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Integrates Zend Cache framework into Symfony2.

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0.1 2012-06-15 10:46 UTC

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Last update: 2022-09-23 13:37:50 UTC



In Symfony2 you can use HTTP cache. That's great to cache a page or part of the page.

But what if you want to cache a variable? That's where you should use KnpZendCacheBundle.

To avoid code duplication we use the well-known Zend Cache component in our Symfony2 application.
It works great and already has all sort of options - should you need it.

Behind the scene

This bundle allows to configure a Zend\Cache\Manager, and instanciate it, from the DIC.
It does not contain any caching logic: that's Zend Cache's role.

So you should read the Zend Cache documentation if you need anything of the ordinary.

See how to declare cache templates, available cache frontends and cache backends.


Download KnpZendCacheBundle in vendor/bundles/Knp/Bundle/ZendCacheBundle dir

If you use git:

git submodule add vendor/bundles/Knp/Bundle/ZendCacheBundle

Download zend-cache to your vendor/Zend/Cache dir

If you use git:

git submodule add vendor/Zend/Cache
git submodule add vendor/Zend/Filter

Add the new namespaces to your autoloader

// app/autoload.php
    'Knp'                       => __DIR__.'/../vendor/bundles',
    'Zend'                      => __DIR__.'/../vendor',
    // ...

Add KnpZendCacheBundle to your application kernel

// app/AppKernel.php
public function registerBundles()
    return array(
        // ...
        new Knp\Bundle\ZendCacheBundle\KnpZendCacheBundle(),
        // ...

Things you should know about Zend Cache

Frontends: what do you want to cache?

In Zend Framework caching is operated by frontends:

  • Core is a generic cache frontend and is extended by other classes. You will use this most of the time.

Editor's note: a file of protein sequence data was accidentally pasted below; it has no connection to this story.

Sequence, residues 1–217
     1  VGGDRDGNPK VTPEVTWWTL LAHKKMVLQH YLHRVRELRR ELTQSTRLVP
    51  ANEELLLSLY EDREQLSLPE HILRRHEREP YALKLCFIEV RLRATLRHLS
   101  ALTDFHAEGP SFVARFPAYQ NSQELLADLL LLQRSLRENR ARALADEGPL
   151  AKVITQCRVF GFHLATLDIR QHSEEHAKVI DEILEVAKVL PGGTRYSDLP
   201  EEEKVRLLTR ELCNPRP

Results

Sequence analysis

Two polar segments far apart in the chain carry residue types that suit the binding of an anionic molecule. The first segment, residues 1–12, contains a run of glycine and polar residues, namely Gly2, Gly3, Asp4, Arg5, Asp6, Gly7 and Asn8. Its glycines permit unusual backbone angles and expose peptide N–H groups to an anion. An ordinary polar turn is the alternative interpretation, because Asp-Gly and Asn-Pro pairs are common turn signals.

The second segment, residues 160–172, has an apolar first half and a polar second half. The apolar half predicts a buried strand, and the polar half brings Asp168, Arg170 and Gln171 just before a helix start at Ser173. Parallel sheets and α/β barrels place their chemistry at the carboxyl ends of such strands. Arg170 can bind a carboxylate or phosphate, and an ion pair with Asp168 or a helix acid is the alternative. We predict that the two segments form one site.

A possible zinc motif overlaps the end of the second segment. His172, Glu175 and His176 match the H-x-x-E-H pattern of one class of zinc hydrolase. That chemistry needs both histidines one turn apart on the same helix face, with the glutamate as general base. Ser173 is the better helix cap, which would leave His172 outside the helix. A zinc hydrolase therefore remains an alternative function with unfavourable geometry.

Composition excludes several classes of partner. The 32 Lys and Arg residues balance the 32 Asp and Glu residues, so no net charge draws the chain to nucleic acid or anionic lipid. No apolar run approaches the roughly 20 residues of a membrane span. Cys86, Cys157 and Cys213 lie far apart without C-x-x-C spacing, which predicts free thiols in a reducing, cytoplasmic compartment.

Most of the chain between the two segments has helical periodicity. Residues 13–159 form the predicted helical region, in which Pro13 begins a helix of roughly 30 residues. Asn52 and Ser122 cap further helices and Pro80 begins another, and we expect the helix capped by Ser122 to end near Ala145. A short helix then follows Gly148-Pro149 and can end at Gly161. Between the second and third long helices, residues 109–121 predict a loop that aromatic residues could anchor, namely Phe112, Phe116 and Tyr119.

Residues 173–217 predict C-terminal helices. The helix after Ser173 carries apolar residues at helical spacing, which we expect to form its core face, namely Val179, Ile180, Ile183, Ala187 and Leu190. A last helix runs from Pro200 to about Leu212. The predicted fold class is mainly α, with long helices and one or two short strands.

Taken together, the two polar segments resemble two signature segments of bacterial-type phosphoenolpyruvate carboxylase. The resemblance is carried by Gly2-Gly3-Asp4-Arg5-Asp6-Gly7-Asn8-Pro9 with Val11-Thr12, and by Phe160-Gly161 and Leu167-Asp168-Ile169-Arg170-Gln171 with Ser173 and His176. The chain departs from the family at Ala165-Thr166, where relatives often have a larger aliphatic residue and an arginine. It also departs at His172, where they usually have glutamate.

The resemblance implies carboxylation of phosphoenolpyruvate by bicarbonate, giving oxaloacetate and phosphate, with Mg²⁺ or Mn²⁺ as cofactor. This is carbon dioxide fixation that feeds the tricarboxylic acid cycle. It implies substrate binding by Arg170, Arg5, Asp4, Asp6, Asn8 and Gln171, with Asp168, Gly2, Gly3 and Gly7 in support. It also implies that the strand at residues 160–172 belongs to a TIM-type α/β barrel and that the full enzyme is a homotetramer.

• Output is an output-capturing frontend. It utilizes output buffering in PHP to capture everything between its start() and end() methods.
  • FunctionFrontend caches the results of function calls. It has a single main method named call() which takes a function name and parameters for the call in an array.
  • ClassFrontend is different from Function because it allows caching of object and static method calls
  • File is a frontend driven by the modification time of a "master file". It's really interesting for examples in configuration or templates issues. It's also possible to use multiple master files.
  • Page is like Output but designed for a complete page. It's impossible to use Page for caching only a single block.
  • Capture is Page but this class is specifically designed to operate in concert only with the Static backend to assist in caching entire pages of HTML / XML or other content to a physical static file on the local filesystem.

You can find more infos and options on Zend Framework cache frontends.

Backends: How do you want to cache it?

Cache records are stored through backend adapters:

  • File stores cache records into files
  • Memcached stores cache records into a memcached server
  • Sqlite stores cache records into a SQLite database
  • Apc stores cache records in shared memory through the APC extension
  • Xcache stores cache records in shared memory through the XCache extension
  • StaticBackend works in concert with Zend_Cache_Frontend_Capture (the two must be used together) to save the output from requests as static files. This means the static files are served directly on subsequent requests without any involvement of PHP or Zend Framework at all.
  • TwoLevels stores cache records in two other backends: a fast one (but limited) like Apc, Memcache... and a "slow" one like File, Sqlite
  • ZendPlatform uses content caching API of the Zend Platform product.

You can find more infos and options on Zend Framework cache backends.

KnpZendCacheBundle usage

Let's say you have a variable $myLastTweets.

To compute this variable, you have to call an API, decode some content, create some objects… this takes time. You only want to compute it every 2 hours.

  • We'll define a Core frontend with a 2 hours life time and serialization of the variable
  • We'll use a File backend for now. In production, we could perhaps decide to use Memcache or APC : it's just a matter of changing one config file

So in order to do that, we'll have to:

  • Define a new cache template in our config file
  • Use it from the service container

1 - Define a new cache template

# app/config.yml
                name: Core
                    lifetime: 7200
                    automatic_serialization: true
                name: File
                    cache_dir: %kernel.root_dir%/cache/%kernel.environment%

2 - Use it

Get the cache you declared from the service container:


// Given you have access to the container $container
$cache = $container->get('knp_zend_cache.manager')->getCache('tweets_and_stuff');

// Or if you are in a controller:
$cache = $this->get('knp_zend_cache.manager')->getCache('tweets_and_stuff');

// see if a cache already exists:
if (false === ($myLastTweets = $cache->load('last_tweets'))) {

    // cache miss: call the webservice and do stuff
    $myLastTweets = $tweetService->doComplexStuff();

    $cache->save($myLastTweets, 'last_tweets');

return $myLastTweets;

That's it!